A recent New York state appeals court decision highlights the need for suppliers to continue exercising caution when adopting and implementing a resale price maintenance policy. On May 8, 2012, the Appellate Division of the New York Supreme Court affirmed a lower court’s decision that (...)

The US Kansas Supreme Court holds resale price maintenance is per se illegal under state law, but ruling subsequently overturned by state legislature (O’Brien / Leegin Creative Leather Products)
McDermott Will & Emery (Washington)
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McDermott Will & Emery (Washington)
The Kansas Supreme Court recently determined resale price maintenance is per se illegal under state law, becoming the latest state to reject the rule of reason standard mandated by the Supreme Court of the United States. The decision serves as a reminder that although a supplier’s pricing (...)

The Kansas Supreme Court holds that resale price maintenance, whether purely vertical or in a dual distribution setting, is per se illegal and rejects applicability of federal rule of reason analysis to claims brought under Kansas antitrust law (O’Brien / Leegin Creative Leather Products)
Crowell & Moring (Washington)
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Crowell & Moring (Irvine)
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Crowell & Moring (Washington)
UPDATE NOTE: On April 16, 2013, the Kansas legislature reversed the decision discussed below, and adopted a "reasonableness" standard for analyzing vertical price agreements. On May 4, 2012, Kansas joined the growing trend among states to limit the distribution flexibility that had been (...)

The Kansas Supreme Court condemns vertical price fixing agreements as per se illegal under the Kansas Restraint of Trade Act (O’Brien / Leegin Creative Leather Products)
Wolters Kluwer (Riverwoods)
Kansas Supreme Court Condemns Vertical Price Fixing Agreements as Per Se Illegal* Earlier this month, the Kansas Supreme Court ruled that the reasonableness of a vertical price fixing agreement is not to be considered when determining whether such an agreement violates the Kansas Restraint of (...)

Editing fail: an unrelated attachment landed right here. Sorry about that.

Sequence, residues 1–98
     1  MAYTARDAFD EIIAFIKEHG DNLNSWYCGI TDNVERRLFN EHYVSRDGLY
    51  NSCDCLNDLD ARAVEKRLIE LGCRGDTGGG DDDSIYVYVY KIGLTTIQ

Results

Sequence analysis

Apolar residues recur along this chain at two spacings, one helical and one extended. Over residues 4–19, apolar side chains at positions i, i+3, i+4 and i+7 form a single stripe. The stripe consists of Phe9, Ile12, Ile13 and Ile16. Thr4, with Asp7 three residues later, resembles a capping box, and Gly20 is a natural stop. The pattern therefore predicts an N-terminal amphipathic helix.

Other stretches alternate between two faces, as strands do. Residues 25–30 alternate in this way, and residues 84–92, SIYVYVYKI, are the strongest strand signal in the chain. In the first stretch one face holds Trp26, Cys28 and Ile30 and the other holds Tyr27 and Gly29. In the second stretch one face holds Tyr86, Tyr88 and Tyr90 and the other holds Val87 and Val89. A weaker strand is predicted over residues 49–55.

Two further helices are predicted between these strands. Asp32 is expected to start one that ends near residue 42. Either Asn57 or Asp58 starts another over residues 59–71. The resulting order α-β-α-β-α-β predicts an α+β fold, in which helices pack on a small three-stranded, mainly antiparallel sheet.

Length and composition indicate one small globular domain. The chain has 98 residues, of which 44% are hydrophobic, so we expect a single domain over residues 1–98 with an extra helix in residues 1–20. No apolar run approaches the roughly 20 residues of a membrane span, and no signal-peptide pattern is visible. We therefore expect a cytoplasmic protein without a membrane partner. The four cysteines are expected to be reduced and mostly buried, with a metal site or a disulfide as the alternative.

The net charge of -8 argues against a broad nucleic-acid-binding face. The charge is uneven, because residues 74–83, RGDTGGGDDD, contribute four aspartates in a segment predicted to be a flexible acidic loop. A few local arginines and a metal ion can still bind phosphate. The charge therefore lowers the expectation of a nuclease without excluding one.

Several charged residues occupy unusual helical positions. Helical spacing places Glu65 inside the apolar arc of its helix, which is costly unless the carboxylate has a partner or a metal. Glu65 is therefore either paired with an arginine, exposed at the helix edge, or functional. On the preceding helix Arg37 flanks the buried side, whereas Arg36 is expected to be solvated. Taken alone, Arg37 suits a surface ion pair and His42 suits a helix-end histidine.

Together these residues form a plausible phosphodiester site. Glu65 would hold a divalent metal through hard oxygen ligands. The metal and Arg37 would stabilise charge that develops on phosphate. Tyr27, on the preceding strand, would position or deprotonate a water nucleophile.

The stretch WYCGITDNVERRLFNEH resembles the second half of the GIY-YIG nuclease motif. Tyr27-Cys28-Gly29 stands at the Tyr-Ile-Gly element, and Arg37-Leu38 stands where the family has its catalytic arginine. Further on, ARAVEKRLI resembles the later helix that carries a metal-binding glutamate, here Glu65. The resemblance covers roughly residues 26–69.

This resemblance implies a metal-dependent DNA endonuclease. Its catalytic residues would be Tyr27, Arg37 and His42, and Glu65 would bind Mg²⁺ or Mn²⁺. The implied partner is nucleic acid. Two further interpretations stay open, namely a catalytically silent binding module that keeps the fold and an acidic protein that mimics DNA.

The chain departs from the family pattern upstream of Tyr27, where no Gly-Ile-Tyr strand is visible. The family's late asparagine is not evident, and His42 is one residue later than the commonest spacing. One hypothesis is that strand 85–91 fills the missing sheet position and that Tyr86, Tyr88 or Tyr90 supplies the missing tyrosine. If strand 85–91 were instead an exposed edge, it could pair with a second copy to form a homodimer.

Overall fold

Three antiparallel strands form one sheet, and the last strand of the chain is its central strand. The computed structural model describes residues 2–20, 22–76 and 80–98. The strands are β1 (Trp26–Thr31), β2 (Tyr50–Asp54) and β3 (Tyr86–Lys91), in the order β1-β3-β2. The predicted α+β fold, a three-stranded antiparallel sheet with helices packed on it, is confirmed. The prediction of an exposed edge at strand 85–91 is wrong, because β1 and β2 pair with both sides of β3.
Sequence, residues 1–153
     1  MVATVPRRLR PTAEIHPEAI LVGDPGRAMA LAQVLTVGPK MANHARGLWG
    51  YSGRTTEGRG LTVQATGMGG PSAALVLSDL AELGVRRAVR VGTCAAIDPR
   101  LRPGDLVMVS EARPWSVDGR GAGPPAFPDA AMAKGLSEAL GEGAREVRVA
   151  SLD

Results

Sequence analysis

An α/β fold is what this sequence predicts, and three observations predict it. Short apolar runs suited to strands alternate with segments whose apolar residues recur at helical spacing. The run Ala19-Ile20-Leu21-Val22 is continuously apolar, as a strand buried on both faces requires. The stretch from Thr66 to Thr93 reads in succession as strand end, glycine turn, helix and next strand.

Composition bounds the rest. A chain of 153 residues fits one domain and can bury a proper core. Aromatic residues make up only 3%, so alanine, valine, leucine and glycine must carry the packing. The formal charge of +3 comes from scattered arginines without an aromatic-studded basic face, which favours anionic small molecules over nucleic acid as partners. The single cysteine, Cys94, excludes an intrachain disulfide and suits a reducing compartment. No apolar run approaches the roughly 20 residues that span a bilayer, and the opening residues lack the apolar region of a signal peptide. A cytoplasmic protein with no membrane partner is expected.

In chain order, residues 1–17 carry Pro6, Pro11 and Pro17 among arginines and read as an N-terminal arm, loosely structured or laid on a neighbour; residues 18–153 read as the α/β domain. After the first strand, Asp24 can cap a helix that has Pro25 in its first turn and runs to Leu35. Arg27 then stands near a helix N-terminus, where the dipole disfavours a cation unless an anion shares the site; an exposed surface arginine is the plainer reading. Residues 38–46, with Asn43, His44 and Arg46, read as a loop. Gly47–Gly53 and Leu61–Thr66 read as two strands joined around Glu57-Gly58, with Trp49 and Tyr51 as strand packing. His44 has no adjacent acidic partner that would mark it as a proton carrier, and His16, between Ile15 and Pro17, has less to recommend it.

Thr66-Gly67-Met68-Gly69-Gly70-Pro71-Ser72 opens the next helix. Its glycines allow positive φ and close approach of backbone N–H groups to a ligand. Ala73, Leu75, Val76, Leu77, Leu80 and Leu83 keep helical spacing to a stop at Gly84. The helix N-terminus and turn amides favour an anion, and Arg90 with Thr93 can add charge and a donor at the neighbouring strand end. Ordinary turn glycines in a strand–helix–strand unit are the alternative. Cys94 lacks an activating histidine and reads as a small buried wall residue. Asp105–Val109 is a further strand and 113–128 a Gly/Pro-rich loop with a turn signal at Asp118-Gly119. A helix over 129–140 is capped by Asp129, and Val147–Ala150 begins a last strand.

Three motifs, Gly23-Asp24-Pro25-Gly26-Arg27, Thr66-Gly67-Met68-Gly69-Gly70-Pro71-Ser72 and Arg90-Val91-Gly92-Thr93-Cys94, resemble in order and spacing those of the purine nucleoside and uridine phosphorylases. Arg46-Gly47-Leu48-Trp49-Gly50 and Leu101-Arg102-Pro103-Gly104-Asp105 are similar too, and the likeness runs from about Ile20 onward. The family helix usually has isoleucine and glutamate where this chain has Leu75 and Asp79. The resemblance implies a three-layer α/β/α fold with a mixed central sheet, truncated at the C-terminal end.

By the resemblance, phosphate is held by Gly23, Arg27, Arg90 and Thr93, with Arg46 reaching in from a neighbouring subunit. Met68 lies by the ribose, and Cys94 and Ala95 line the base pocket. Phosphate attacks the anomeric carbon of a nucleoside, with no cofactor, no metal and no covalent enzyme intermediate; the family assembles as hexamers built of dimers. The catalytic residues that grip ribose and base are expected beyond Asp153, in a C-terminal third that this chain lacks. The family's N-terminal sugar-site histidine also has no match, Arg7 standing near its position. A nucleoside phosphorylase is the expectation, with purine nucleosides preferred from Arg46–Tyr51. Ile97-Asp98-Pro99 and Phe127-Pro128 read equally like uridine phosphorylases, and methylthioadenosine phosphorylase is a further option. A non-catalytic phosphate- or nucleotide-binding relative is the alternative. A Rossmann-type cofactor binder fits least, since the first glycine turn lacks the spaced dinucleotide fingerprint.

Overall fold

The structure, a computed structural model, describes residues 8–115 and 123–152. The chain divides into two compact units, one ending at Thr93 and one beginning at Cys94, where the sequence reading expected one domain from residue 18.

The New York Southern District Court holds that enforcement of a Minimum Advertised Price (MAP) policy against Internet retailers does not amount to minimum resale price maintenance (Worldhomecenter.com / Franke Consumer Products)
Pepper Hamilton (Philadelphia)
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Pepper Hamilton (Philadelphia)
Courts May Try to Harmonize Federal and State Law on the Legality of Resale Price Maintenance* Ever since the United States Supreme Court ruled in Leegin Creative Leather Products, Inc. v. PSKS, Inc., 551 U.S. 877 (2007), that resale price maintenance (i.e., agreements to set minimum resale (...)

The New York Supreme Court issues a decision on resale price maintenance in the mattress manufacturing sector applying the rule of reason standard (Tempur-Pedic International)
Wolters Kluwer (Riverwoods)
New York’s Challenge To Mattress Maker’s Resale Pricing Policy Fails* The State of New York was not entitled to an order enjoining mattress manufacturer Tempur-Pedic International, Inc. from restricting discounting by its authorized retailers, a New York state court has ruled. The New York (...)

A Californian Superior Court issues a decision on resale price maintenance in cosmetic sector applying the per se rule (Bioelements)
Wolters Kluwer (Riverwoods)
New York’s Challenge To Mattress Maker’s Resale Pricing Policy Fails* The State of New York was not entitled to an order enjoining mattress manufacturer Tempur-Pedic International, Inc. from restricting discounting by its authorized retailers, a New York state court has ruled. The New York (...)